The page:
Finding the cause of a relentless foul odor in your bathroom may not always be easy. By troubleshooting these common causes with the help of a professional, you can get rid of bad smells and ensure they don't come back.
Broken Toilet Wax Ring
One of your toilet's components is a wax ring that provides an airtight seal with the floor and drain beneath. Not only does this ensure that no liquids or waste leaks from underneath the toilet, but it also ensures that gases from your sewer or septic tank don't come back up the drain and out into your bathroom.
If this seal cracks or breaks or otherwise loses its airtight seal, sewage fumes could start to seep into your bathroom. This doesn't necessarily happen constantly, so you may only notice the odor every so often. If you notice this odor independent of any actual bathroom use, this could be a good indicator that the wax ring is the problem. Fixing this problem usually requires only that the ring be replaced, which a plumber can take care of for you.
If these measures don't fix the problem, ask your plumber to inspect your bathroom for cracked or loose drain pipes, as this can result in the same issue of sewer gases coming back into your bathroom.
Water Heater Issue
One way to narrow down the source of the odor is by trying to establish if you only smell it when hot water is running. If so, this is likely a result of sulfate gases from your water heater. This gas can build up for a few different reasons. For example, sometimes it comes from hot water that has sat in the tank for too long or water that isn't being treated properly, or as a result of a water softener that's interacting with a magnesium anode rod.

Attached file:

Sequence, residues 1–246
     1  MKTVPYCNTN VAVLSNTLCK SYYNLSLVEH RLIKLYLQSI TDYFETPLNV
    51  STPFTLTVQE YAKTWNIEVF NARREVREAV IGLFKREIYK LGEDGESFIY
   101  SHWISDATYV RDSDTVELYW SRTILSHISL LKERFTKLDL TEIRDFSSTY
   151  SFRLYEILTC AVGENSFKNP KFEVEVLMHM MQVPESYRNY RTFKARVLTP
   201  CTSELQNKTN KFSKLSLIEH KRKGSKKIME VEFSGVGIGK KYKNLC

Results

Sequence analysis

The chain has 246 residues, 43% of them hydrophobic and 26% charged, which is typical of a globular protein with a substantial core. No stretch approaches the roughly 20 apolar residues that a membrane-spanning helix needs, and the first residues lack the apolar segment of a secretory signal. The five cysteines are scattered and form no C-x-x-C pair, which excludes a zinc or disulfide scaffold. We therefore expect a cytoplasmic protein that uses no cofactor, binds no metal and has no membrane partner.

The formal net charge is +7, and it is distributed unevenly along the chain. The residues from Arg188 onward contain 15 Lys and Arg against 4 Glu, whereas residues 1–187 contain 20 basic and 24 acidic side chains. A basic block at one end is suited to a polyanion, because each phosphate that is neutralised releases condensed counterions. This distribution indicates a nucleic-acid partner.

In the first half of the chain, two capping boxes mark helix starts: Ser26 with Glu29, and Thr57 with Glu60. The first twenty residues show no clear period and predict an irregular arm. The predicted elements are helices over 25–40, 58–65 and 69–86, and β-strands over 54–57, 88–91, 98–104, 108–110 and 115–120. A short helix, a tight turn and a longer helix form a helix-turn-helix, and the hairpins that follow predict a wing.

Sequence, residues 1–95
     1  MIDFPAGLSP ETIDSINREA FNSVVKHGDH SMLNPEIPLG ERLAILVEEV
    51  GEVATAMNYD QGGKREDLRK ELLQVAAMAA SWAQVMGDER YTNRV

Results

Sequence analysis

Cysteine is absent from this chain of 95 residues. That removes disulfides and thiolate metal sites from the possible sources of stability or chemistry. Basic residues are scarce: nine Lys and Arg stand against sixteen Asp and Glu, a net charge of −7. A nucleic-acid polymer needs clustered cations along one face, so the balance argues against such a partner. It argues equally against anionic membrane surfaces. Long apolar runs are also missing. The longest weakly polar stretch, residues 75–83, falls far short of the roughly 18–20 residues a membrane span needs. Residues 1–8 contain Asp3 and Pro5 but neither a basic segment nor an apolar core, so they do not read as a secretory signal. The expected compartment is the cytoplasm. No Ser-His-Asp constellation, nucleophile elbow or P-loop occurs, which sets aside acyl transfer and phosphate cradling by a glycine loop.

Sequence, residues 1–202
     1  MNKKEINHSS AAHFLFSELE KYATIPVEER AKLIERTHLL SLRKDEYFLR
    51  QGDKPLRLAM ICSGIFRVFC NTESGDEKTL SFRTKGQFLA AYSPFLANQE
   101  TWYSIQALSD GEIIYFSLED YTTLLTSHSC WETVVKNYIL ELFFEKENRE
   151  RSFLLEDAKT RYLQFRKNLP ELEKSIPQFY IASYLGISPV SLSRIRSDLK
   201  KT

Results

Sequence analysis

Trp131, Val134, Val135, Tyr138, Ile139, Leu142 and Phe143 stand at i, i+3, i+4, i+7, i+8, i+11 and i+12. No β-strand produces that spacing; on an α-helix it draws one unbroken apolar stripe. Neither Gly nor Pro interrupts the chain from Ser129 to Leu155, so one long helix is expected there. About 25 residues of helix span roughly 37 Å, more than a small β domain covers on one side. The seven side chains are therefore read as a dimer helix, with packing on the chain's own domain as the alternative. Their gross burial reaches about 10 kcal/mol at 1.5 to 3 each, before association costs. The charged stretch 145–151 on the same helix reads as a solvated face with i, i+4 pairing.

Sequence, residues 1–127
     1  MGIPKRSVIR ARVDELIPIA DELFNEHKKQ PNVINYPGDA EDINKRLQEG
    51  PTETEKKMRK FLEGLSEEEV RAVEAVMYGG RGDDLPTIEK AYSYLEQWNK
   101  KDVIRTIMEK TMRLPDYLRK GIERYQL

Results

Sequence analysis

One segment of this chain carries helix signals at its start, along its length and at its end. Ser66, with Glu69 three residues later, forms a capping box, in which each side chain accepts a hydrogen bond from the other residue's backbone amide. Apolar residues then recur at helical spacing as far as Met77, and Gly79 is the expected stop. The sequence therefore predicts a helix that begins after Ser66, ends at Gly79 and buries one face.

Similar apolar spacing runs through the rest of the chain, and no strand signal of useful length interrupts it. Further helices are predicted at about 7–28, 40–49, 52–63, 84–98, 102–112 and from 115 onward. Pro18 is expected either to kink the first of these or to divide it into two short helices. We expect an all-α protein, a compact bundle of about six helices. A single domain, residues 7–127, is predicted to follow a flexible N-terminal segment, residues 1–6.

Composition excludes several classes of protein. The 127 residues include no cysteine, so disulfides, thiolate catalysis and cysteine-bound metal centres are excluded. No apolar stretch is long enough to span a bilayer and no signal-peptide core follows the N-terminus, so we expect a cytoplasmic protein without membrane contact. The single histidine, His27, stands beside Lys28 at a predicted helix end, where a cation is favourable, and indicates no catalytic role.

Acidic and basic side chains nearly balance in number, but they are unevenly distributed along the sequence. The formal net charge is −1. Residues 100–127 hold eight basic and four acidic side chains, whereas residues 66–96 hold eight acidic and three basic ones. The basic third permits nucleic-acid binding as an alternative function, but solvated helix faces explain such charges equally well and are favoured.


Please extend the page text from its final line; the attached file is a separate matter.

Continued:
Since these odors usually don't come from damage to your water heater, you likely won't need to have yours replaced, though your plumber may suggest maintenance to prevent the problem from happening again. For example, having your tank flushed annually can help prevent these gases from building up.
Gunk Buildup in Drains
Drains, especially those in bathtubs and showers, can quickly fill with hair and cleaning products that become trapped together and promote bacterial growth. This bacteria in turn can start to emit foul smells, especially in drains that haven't been cleaned out in some time.
The bulk of the odor can usually be removed by removing physical obstructions, though, with particularly stubborn clogs or bacterial films that run deeper into your pipes, you may need the assistance of a plumber to remove the odor completely. On top of removing clogs, they can also recommend cleaning regimens that are safe for your plumbing system. Not all cleaners are alike, and you'll need to factor in the materials your pipes are made of as well as whether you are on sewer or septic. For more information, contact a plumbing contractor.